Hilda Hernandez, diagnosed with breast cancer in 2009, talks about her surgery, chemo and radiation and shares pictures of the hollow space under her left arm where lymph nodes were removed. She also shares pictures and talks about the resulting lymphedema — “Ahora tengo un brazo gordito … y otro flaquito — Now I have one arm that is chubby … and another that is skinny” — and discusses activities she avoids so the condition won’t get worse. Antonia Gutierrez shares the fear she felt upon being diagnosed with colon cancer and the trepidation she had about starting chemo. But she also talks about how she was able to work through treatment and now goes in for regular follow-up appointments with her oncologist to make sure her cancer stays away.
After analyzing the participants' responses to a set of questions, the researchers concluded digital storytelling was not only a culturally relevant health promotion tool, it provided a healing outlet for participants and helped them find support and connection within their community. By sharing their cancer stories, participants had also helped to dispel myths, provide crucial insight and model survivorship.
As Briant put it in her paper, “Digital stories impart more than information about the symptoms of an illness. They provide hope, strength and encouragement.”
Dr. Rachel Ceballos, a Fred Hutch public health researcher who also studies health disparities among underrepresented groups, said sharing cancer stories is particularly important for communities of color, which are often at higher risk of dying of the disease.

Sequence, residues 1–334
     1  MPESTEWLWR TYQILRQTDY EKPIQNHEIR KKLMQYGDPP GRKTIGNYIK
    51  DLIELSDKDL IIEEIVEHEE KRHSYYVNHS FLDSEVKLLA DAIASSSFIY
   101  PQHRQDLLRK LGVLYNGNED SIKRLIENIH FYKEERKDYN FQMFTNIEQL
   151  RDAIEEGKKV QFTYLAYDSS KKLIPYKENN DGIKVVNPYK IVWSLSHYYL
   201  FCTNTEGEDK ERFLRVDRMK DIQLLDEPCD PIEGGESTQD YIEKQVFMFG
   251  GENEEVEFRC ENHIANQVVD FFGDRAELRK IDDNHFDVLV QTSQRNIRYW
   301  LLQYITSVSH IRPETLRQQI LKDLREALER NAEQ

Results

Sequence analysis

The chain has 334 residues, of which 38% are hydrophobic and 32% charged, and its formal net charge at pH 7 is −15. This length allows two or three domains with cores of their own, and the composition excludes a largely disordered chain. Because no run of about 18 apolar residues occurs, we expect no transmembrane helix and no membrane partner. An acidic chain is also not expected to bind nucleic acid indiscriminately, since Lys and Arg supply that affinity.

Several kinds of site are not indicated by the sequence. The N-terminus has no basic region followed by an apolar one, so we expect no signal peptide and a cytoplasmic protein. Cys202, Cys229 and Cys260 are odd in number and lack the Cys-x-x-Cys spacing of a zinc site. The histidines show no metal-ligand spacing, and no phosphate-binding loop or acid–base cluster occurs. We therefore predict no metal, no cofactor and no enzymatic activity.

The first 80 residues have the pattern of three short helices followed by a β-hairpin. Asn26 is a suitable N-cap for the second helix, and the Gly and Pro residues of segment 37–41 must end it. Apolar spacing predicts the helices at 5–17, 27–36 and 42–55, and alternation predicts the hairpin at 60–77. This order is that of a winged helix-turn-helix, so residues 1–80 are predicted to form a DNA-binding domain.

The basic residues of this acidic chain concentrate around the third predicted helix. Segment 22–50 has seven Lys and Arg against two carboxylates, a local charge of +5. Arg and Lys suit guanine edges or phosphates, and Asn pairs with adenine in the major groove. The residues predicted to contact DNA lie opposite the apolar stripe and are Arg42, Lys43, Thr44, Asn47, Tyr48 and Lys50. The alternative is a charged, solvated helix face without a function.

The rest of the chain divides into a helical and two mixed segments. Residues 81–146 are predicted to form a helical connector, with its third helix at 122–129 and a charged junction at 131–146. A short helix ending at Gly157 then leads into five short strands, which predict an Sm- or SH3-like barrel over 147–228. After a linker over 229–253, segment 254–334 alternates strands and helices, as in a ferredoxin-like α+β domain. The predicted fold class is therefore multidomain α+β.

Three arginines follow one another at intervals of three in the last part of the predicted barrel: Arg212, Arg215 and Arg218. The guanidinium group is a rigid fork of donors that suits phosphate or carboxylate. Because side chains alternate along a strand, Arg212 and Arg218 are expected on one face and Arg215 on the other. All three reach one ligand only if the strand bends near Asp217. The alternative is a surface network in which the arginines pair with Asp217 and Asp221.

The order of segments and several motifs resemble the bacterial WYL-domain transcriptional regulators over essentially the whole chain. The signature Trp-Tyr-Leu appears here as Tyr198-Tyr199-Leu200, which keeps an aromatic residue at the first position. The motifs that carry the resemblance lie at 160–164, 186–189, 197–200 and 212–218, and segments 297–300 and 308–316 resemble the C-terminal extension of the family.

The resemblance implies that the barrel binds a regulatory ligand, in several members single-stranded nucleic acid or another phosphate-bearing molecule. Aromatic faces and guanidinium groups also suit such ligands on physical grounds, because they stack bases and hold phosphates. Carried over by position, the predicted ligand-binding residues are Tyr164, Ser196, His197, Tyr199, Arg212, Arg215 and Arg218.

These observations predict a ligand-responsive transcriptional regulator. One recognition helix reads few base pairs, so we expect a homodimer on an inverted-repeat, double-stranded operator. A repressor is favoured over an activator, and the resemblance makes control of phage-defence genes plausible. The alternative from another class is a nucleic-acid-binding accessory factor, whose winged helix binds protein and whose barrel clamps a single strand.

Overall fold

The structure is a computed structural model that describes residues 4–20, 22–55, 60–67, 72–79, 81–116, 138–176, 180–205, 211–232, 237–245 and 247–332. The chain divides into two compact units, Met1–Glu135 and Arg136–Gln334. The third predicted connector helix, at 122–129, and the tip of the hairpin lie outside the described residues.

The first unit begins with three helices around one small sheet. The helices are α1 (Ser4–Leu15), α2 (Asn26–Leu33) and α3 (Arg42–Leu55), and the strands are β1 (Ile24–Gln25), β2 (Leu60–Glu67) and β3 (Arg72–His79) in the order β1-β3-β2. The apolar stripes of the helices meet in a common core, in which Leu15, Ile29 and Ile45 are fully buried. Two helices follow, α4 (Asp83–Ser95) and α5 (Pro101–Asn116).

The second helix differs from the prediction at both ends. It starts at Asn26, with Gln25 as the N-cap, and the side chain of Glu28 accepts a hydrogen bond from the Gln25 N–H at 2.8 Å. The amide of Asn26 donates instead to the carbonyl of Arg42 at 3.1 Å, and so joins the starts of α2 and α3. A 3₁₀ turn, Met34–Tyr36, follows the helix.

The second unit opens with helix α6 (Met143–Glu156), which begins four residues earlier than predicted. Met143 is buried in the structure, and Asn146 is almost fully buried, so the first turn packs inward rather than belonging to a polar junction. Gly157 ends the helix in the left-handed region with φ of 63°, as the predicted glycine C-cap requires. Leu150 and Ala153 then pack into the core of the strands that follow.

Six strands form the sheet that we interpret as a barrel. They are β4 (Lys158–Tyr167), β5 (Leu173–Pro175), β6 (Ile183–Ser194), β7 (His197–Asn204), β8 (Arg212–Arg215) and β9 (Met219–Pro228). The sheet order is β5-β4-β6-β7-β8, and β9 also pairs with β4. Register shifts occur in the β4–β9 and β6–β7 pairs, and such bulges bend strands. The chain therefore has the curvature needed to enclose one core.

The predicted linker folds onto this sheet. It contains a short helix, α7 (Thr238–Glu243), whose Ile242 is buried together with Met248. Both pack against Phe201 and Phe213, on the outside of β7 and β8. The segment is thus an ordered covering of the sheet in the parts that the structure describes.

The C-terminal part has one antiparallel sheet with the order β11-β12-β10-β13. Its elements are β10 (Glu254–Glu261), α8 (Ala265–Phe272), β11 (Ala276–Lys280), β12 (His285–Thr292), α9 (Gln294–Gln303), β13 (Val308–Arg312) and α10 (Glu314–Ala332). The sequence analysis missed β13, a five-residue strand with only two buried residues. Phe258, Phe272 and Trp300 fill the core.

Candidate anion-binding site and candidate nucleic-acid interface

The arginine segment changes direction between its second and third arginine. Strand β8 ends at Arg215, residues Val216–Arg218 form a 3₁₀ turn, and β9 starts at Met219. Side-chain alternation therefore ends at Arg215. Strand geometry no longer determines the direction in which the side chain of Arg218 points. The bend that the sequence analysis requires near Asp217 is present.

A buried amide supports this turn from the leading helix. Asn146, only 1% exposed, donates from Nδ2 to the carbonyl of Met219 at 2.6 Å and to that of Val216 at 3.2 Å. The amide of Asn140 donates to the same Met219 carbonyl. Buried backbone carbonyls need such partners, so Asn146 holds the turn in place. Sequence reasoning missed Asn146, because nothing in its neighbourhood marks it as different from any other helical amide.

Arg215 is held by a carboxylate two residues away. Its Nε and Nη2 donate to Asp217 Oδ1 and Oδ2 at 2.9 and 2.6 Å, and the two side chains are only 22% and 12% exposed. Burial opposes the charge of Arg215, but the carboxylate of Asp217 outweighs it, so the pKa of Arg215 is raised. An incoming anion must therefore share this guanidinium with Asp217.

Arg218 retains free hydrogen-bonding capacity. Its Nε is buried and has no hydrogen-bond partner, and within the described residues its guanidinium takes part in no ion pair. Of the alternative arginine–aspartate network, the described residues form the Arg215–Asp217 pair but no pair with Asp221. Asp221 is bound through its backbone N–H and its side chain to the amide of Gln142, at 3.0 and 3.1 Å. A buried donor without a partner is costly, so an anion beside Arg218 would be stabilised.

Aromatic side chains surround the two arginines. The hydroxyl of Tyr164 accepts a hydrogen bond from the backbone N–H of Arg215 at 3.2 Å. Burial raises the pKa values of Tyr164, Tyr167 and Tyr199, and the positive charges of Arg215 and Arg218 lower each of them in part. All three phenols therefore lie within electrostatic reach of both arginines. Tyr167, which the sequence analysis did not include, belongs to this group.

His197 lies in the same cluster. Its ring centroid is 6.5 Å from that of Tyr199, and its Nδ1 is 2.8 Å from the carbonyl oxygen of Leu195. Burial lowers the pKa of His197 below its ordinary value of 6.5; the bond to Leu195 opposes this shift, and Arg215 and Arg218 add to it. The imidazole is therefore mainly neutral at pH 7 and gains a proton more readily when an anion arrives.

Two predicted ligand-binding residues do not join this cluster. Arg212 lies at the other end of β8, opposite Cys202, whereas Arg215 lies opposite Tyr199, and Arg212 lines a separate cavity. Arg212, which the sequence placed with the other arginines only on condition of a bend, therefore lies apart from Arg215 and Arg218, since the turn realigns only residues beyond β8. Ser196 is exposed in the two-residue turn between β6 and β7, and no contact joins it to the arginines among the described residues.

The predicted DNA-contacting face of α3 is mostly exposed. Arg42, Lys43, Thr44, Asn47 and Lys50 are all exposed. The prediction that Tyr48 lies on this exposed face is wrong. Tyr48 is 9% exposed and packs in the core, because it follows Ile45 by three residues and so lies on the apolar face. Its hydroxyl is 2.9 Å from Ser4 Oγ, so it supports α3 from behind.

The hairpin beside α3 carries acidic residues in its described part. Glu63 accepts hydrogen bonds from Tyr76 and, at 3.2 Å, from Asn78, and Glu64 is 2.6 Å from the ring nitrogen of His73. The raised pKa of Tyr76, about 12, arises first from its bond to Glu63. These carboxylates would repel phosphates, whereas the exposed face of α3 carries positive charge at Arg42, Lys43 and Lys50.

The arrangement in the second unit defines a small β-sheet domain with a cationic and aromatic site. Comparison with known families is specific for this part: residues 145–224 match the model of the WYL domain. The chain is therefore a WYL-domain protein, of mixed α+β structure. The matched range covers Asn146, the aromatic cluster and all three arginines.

“Cancer isn’t talked about in either the Latino or the African-American communities,” she said. “There are a number of reasons that contribute to that. In the Latino community, there may be a belief that talking about [cancer] might cause a recurrence. Or in either community, cancer may be viewed as a punishment or a weakness.”
But both researchers have found these patients need to share, sometimes desperately so.
Ceballos recently finished a study of African-American breast cancer survivors and the emotional impact they experience transitioning from active treatment to survivorship. But her study got off to a slow start because many of the women first needed to process what they’d been through.
“We had one question, ‘Tell me your story,’ to get them talking,” she said. “It was supposed to be an icebreaker. I expected people would talk for about 10 minutes but for a good portion of the women it was the first time they had talked about their cancer in detail or the first time anyone had asked. For many women, sharing their story was an extremely emotional experience and for some it took up to 40 minutes of the hour-long session because of the emotionality. We realized they hadn’t had a chance to process that emotional impact and had to adapt our questions along the way to allow them to talk but still get to our questions.”
Briant said from the very first meeting with her Sunnyside study participants, the storytelling intervention was “powerful.”
“We [started] by just listening to people,” she said. “And they were so emotional. Some people hadn’t openly shared their particular story before. Some people were crying. It was so moving and I felt honored to be able to be in that space. We kind of gave them a place to process and reflect on their experience.”
Fred Hutch community health educator Nora Gonzalez, who helped with the storytelling workshops, also created her own video about her father’s battle with stage 4 prostate cancer (he currently has no evidence of disease).
“Our family has survived cancer together,” she says at the opening of the video, going on to tell the story of her father’s diagnosis, extensive radiation treatment and eventual remission — and the fear her entire family felt throughout the ordeal. Sprinkled throughout are pictures of the Garcia family dancing, laughing, celebrating anniversaries and birthdays, and making tamales together at Christmastime.